The warm, mellow lights held him in an aureole, glowing and shining down at centerstage, as his fingers danced along the brassy keys. The tips of the drummer’s sticks bounced in a classic swing pattern on the cymbals, faster and faster, a smile creeping across the faces of the three musicians as Titus Gant glided into a solo.

The Crown, an upper-room venue above the Carolina Theatre in Greensboro, held a mood that felt like being transported to the past. The audience sipped on cocktails and snapped fingers between the musicians’ solos at circular tables gathered close around the stage, lacking only the noxious haze of cigarette smoke from the old jazz clubs of the Beat Generation. And the normal distance between performer and audience was killed as the first set ended and Gant stepped off stage and walked among the crowd. Shaking hands and talking with those in attendance, the beloved musician showed a humble and meek side as he spoke with fans and thanked each one individually for coming out to the show.

“I just like connecting with the people,” Gant said. “They come out to see me and so I want to meet them.”

Titus Gant, leader of the jazz quartet, has local ties from studying for his post-graduate music degree at NC Central University under the guidance of renowned jazz musicians Brian Horton, Joey Calderazzo and Branford Marsalis. The quartet comprises Titus Gant on saxophone, Drorester Alexander on piano, Lawrence Peoples on bass and Charles Pinckney on drums. This show marks Gant’s initial effort for a regular showcase of jazz music in Greensboro.

“I want this to be a monthly event,” Gant said. “The more people that come out, the lower the ticket prices become. There is a lack of jazz in the community and I believe there is a need and want for it.”

Gant’s music recalls moments of instrumental expertise known mostly for such legends as John Coltrane and Art Blakely. But while his own talents remain among the upper echelon of jazz artists in the Triad, Gant had a special surprise ready for the audience at the Crown.

As the quartet’s drummer, and Gant himself, cleared the stage, three of Gant’s private students shyly made their way towards the front. Two performed on the saxophone and one held down the beat on drums in the background. The audience gave an elated applause at the sudden change of cast for the show, recognizing what Gant was promoting. The students struggled at first, barely audible, playing as gently as possible. He encouraged and showcased each one, engaging in a call-and-response jam session in which each student’s melodic riposte grew louder and more confident, culminating with a crescendo into a mini solo for each student. Gant’s aim is to promote the jazz scene; he is encouraging the tradition in his students while also spreading his vision to his audience.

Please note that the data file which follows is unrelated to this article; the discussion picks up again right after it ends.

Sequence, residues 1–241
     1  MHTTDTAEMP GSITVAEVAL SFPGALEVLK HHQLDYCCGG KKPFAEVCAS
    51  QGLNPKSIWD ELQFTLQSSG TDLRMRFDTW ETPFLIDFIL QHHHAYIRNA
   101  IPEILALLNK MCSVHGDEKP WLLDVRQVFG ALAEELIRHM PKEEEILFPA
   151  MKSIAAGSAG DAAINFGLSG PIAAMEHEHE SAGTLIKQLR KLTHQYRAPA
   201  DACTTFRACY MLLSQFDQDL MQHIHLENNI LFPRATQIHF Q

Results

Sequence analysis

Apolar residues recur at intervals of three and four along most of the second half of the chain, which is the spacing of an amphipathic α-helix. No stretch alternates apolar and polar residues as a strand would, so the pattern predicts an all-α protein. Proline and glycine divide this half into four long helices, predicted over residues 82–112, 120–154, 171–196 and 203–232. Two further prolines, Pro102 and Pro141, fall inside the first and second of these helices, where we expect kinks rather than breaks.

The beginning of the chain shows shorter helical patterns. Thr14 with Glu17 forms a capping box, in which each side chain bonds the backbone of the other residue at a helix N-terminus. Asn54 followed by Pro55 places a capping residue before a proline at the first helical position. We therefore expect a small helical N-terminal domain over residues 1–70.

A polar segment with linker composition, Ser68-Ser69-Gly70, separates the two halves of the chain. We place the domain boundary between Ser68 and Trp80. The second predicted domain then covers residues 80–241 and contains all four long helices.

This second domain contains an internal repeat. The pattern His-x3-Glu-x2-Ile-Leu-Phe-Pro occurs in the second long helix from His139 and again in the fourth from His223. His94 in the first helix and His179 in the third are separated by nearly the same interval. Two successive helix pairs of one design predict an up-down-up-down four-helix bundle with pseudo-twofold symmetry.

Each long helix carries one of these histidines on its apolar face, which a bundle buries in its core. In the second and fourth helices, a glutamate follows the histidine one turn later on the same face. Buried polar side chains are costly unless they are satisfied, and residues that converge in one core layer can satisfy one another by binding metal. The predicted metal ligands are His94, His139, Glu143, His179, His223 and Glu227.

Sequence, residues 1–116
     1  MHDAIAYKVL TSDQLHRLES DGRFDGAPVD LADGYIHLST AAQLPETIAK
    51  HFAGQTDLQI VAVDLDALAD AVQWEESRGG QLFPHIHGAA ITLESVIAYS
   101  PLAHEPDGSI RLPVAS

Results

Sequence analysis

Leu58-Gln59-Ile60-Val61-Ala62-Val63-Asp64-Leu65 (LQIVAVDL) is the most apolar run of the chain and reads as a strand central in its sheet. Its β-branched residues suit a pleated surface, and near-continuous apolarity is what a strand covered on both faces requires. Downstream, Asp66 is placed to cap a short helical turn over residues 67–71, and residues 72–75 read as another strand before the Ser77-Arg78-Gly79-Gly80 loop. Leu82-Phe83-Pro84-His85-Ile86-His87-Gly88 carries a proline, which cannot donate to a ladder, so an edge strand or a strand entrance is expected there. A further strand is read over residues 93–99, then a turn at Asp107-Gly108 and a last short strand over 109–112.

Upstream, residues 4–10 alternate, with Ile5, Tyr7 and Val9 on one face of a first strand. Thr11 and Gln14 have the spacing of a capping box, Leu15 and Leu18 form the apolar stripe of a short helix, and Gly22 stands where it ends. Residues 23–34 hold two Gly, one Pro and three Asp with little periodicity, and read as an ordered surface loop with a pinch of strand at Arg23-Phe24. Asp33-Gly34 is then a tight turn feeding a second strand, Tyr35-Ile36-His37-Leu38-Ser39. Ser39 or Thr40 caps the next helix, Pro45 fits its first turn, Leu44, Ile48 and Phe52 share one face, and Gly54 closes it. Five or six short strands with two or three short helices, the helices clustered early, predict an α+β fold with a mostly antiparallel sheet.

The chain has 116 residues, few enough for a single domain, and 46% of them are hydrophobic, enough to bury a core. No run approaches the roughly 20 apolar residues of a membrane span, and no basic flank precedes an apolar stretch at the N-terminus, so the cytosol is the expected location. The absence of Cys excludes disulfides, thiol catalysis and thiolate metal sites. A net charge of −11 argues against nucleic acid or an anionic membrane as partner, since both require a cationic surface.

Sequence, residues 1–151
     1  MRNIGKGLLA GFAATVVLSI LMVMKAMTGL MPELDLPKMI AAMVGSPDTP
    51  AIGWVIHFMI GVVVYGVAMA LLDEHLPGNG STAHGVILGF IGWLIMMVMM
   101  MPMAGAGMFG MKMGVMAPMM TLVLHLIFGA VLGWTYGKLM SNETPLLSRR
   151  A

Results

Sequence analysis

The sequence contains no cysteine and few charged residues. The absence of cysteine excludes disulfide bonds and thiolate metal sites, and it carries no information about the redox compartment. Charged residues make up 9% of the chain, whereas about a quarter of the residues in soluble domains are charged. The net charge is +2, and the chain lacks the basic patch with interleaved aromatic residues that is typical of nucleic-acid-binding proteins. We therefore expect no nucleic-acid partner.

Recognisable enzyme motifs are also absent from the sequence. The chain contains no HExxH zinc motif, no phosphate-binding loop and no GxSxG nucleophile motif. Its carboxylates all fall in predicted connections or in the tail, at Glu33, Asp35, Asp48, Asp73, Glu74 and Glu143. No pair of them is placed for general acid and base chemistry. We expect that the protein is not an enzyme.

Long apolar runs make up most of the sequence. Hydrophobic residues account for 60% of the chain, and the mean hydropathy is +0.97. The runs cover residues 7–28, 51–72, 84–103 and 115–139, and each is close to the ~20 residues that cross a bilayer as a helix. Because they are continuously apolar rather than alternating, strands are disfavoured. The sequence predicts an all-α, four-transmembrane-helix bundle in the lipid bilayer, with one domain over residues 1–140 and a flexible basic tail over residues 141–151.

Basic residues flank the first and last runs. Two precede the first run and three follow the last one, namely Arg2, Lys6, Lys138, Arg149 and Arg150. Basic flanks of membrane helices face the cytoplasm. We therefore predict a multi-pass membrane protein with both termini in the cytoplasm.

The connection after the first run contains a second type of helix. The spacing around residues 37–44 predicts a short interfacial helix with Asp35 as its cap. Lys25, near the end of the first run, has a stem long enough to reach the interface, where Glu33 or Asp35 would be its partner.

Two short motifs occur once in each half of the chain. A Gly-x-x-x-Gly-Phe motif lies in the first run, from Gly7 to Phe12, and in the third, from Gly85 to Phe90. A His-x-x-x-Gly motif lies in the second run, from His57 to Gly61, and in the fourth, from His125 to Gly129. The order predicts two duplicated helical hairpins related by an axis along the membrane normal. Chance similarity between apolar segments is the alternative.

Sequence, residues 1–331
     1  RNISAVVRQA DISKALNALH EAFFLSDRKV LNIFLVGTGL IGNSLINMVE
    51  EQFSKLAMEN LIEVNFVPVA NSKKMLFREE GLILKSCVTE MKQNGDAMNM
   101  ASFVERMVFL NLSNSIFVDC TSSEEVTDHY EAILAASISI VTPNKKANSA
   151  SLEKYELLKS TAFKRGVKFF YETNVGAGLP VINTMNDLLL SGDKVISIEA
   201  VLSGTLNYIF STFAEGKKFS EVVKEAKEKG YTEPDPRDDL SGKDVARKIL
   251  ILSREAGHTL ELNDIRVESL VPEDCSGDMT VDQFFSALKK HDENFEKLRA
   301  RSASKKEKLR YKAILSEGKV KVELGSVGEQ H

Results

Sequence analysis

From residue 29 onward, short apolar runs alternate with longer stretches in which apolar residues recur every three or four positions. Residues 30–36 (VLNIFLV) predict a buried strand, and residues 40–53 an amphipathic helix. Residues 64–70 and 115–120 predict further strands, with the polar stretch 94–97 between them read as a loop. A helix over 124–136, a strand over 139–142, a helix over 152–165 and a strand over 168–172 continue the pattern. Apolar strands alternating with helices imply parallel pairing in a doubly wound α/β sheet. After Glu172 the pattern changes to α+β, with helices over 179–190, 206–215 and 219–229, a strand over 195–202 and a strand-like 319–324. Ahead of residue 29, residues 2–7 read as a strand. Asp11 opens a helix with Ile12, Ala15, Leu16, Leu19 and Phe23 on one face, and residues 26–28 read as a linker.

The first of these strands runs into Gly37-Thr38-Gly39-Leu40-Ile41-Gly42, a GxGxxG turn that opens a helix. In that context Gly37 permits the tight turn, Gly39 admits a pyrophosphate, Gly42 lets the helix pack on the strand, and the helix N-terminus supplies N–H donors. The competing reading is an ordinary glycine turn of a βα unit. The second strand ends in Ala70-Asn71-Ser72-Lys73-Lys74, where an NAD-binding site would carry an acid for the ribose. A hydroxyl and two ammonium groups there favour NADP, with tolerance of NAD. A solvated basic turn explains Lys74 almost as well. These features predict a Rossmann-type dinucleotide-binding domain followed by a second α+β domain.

The show featured two sets by Gant’s quartet; the first set featuring the group’s solos and original music. The only trouble with the genre in the Triad music scene is that there is no focus on jazz in the community, making cover songs nearly obsolete unless a ticket buyer is well-versed in the history. That’s precisely what Gant aims to correct with his monthly jazz concerts.

In a style such as Coltrane, Gant augmented the performance with a nod towards his own personal message.

“This next piece was inspired by James 1, 2 and 3,” Gant announced to the crowd. “Look them up.”

To finish off the show, Gant laid into an intimate and nearly religious experience in his performance, playing a solo that earned him a bray of elated applause.

While Gant’s vision for local jazz is vast and hopeful, it will take a great recognition from Triad audiences to make the vision come to life. Perhaps hopeful jazz enthusiasts will promote the concept, but it may take a rebirth of wonder for an everyday ticket-buyer to concede to the movement.

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